How To Hire Like a Boss
The hiring process is one of a small business’s most stressful and most important aspects. If you want to grow your business, you will need to hire people to develop websites, bill clients via accounts payable and hopefully, run your Human Resources department. But hiring is the tough business. Mess it up and you risk infecting the company with lazy, apathetic, and unqualified persons. Get it right and the reward is a steady stream of productivity and innovation.
The problem is, most small businesses don’t take the act of hiring as the complex process it is. They believe strongly that they “know people” and “can sniff out talent.” This, of course, isn’t necessarily untrue, but similarly, it’s a bad platform to base 100% of your process from. You need a plan. You need proven methods. You need to think outside of the box.
Don’t be afraid to take risks. The world of hiring will have a set of standards you are supposed to issue when seeking out new candidates: Must have the college degree, must have X years of experience, must live X miles of a company. Sometimes these items listed are great reasons, but often, they limit your process by eliminating great talents. Would a college degree in English really help your company’s goals? Is the position you are looking to hire for a skill which could be learned? This is important because often, you can find smart and reliable people and train them up. Then you have a smart, reliable, ______ worker (you fill in the blank). Some positions such as marketing and accounting could potentially be trained up. You could also pay for online courses, which would be cheaper than hiring someone who eventually quits or you let go and having to rehire.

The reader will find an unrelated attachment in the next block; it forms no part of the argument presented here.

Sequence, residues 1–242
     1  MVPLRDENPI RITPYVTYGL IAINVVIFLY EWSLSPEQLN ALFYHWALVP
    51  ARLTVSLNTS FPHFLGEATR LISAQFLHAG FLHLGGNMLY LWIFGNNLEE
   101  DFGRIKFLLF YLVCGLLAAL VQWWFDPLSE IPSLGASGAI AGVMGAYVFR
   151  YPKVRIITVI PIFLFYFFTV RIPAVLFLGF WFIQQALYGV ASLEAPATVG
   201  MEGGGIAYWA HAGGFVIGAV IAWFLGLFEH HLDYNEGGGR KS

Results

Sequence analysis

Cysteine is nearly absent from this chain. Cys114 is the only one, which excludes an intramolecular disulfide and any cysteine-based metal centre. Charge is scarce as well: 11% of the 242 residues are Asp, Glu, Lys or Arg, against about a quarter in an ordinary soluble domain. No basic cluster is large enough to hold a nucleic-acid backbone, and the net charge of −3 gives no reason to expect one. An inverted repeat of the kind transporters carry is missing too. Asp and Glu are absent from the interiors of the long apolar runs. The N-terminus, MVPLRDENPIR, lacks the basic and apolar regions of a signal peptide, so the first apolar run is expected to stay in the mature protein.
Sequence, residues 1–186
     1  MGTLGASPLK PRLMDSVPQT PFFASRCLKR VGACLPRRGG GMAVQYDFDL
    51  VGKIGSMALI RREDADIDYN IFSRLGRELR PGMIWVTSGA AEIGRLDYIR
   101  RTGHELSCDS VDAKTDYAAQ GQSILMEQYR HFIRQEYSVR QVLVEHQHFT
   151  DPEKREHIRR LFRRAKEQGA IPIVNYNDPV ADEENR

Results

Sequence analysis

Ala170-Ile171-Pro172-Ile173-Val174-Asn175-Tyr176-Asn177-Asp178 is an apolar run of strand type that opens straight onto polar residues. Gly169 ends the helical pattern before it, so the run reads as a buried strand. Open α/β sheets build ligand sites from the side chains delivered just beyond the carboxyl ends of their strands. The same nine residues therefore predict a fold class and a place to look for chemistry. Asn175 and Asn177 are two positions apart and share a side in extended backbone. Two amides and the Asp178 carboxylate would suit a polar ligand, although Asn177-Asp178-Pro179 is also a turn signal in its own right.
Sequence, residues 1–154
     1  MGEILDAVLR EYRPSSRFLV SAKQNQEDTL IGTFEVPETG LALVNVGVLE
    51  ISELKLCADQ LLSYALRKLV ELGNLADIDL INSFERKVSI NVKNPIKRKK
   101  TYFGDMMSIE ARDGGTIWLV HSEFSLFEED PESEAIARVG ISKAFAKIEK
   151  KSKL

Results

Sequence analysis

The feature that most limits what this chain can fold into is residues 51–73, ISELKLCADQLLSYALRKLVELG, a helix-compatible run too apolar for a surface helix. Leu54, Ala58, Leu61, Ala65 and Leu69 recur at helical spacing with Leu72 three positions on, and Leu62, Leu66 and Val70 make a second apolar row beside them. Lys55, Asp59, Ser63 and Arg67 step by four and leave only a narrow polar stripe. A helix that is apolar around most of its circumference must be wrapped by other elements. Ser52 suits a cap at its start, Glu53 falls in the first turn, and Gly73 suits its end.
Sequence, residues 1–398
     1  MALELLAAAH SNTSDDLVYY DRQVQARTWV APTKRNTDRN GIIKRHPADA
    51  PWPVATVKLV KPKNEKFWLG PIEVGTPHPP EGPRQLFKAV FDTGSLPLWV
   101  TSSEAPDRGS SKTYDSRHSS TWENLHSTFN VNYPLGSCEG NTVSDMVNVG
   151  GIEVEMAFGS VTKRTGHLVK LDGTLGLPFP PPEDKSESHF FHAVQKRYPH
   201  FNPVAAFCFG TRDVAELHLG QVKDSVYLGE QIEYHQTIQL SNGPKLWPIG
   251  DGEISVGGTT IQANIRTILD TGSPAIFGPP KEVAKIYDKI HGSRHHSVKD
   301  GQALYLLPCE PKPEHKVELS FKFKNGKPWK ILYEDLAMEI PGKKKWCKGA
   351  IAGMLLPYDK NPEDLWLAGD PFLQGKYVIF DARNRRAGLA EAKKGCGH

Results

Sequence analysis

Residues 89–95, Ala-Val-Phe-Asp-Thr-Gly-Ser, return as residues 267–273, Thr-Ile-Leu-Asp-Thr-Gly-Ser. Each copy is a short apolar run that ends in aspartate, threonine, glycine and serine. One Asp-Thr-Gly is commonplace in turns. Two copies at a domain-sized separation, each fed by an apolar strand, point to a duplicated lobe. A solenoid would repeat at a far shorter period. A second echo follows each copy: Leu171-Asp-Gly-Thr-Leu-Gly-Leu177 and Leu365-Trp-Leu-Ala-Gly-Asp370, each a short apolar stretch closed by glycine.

Likeability actually does matter. The person doesn’t need to be the life of the party, but you should also get a sense that they work well with other people. If this person’s role will involve working with other teams or leading projects or sharing tasks, you don’t want someone who is going to grind with everyone. It does matter. That said, talent and experience matter as well. It is a balancing act, to say the least.
Know what you want, know who you are….this is great advice. Often times, companies don’t look inward and decide who they are and who they are looking for, instead opting for a shotgun effect in interviewing candidates. Are you an energetic company that does retreats and allows skateboards in the office? It is something to consider when interviewing people. What’s your company goal for employees? What’s your mantra? Knowing these things and being able to intelligently express them during an interview process can really help you find a fit.
Hiring isn’t easy and it shouldn’t be thought of as such. It’s an integral part of most small businesses. Do the research, reap the rewards.